What Is Alcoholic Ketoacidosis? The Impact of a Buildup of Ketones in Your Blood

The toxicokinetics that are pertinent to the diagnosis of AKA include the rate of alcohol oxidation in the body. Ethyl alcohol oxidizes at a rate of 20 to 25 mg/dL per hour in most individuals. The accompanying lack of alcohol in the patient’s body and the fact that for some time, the only source of calories that a patient has is ethanol both contribute to the clinical syndrome that we see. Elevated cortisol levels can increase fatty acid mobilization and ketogenesis.

  • Meetings are widely available at little-to-no cost in most communities.
  • The prognosis for alcoholic ketoacidosis is good as long as it’s treated early.
  • Carbohydrate and fluid replacement reverse this process by increasing serum insulin levels and suppressing the release of glucagon and other counterregulatory hormones and by providing metabolic substrate.
  • The toxicokinetics that are pertinent to the diagnosis of AKA include the rate of alcohol oxidation in the body.
  • One complication of alcoholic ketoacidosis is alcohol withdrawal.

Metabolism of ethanol

When your liver uses up its stored glucose and you aren’t eating anything to provide more, your blood sugar levels will drop. During starvation, there is a decrease in insulin secretion and an increase in the production of counter-regulatory hormones such as glucagon, catecholamines, cortisol, and growth hormone. Hormone-sensitive lipase is normally inhibited by insulin, and, when insulin levels fall, lipolysis is up-regulated, causing release of free fatty acids from peripheral adipose tissue. The clinical and biochemical features of AKA are summarised in boxes 1 and 2. The classical presentation is of an alcoholic patient with abdominal pain and intractable vomiting following a significant period of increased alcohol intake and starvation. There may be a history of previous episodes requiring brief admissions with labels of “query pancreatitis” or “alcoholic gastritis”.

alcoholic ketoacidosis

Alcoholic Ketoacidosis Symptoms

If your body is not producing insulin, ketone bodies will begin to build up in your bloodstream. This buildup of ketones can produce a life-threatening condition known as ketoacidosis. If you or someone else has symptoms of alcoholic ketoacidosis, seek emergency medical help. It most often occurs in a malnourished person who drinks large amounts of alcohol every day. Typically, an alcohol binge leads to vomiting and the cessation of alcohol or food intake for ≥ 24 hours. During this period of starvation, vomiting continues and abdominal pain develops, leading the patient to seek medical attention.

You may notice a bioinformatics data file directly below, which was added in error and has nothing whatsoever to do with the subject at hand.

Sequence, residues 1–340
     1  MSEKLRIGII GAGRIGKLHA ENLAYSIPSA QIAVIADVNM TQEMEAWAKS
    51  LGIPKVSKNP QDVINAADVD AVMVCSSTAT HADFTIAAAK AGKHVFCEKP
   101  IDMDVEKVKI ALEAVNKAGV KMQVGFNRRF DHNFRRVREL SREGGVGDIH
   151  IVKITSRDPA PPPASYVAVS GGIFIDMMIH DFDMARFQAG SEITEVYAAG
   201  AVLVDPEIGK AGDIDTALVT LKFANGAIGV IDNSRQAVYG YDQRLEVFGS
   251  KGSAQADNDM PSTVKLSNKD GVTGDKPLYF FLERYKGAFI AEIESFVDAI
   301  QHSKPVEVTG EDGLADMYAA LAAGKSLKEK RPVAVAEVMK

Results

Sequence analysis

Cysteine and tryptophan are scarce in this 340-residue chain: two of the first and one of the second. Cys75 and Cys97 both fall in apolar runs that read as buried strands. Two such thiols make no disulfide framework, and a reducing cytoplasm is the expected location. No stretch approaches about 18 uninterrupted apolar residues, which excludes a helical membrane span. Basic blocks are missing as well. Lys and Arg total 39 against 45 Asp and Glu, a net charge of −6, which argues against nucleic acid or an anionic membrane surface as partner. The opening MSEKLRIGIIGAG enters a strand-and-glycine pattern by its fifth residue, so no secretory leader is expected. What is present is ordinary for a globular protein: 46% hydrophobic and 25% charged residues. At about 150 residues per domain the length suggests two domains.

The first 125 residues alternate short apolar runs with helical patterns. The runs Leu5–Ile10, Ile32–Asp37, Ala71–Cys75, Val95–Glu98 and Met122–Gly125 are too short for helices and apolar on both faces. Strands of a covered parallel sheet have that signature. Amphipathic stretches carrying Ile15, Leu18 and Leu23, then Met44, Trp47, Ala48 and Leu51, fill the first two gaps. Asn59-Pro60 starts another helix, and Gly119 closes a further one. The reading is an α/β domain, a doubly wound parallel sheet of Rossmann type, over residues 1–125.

alcoholic ketoacidosis

What are the complications of alcoholic ketoacidosis?

  • Elevated cortisol levels can increase fatty acid mobilization and ketogenesis.
  • But it can happen after an episode of binge drinking in people who do not chronically abuse alcohol.
  • The accompanying lack of alcohol in the patient’s body and the fact that for some time, the only source of calories that a patient has is ethanol both contribute to the clinical syndrome that we see.
  • Going on a drinking binge when your body is in a malnourished state may cause abdominal pain, nausea, or vomiting.

General literature reviews, single case reports, and letters were also excluded. All remaining papers were retrieved and the reference lists hand searched for any additional information sources. Patients generally do not need to be transferred to special facilities. Appropriately evaluate the patient for any life-threatening complications before a transfer is considered. American Addiction Centers (AAC) is committed to delivering original, truthful, accurate, unbiased, and medically current information. We strive to create content that is clear, concise, and easy to understand.

alcoholic ketoacidosis

The greatest threats to patients with alcoholic ketoacidosis are marked contraction in extracellular fluid volume (resulting in shock), hypokalaemia, hypoglycaemia, and acidosis. Nausea, vomiting, and abdominal pain were by far the most commonly observed complaints. Despite the frequency of abdominal symptoms, objective findings other than tenderness were infrequent. Both Wrenn et al6 and Fulop and Hoberman5 found evidence of alcoholic hepatitis to be common, with frequent elevations in serum transaminase activities and bilirubin. Arrange follow-up to evaluate patients after the resolution of symptoms, in order to detect other complications of chronic alcohol abuse.

However, if an AKA patient is lethargic or comatose, an alternative cause should be sought. The metabolism of alcohol itself is a probable contributor to the ketotic state. Alcohol dehydrogenase (ADH), a cytosolic enzyme, metabolizes alcohol to acetaldehyde in hepatocytes. Acetaldehyde is metabolized further to acetic acid by aldehyde dehydrogenase.

alcoholic ketoacidosis

Alcoholic Ketoacidosis Treatment & Management

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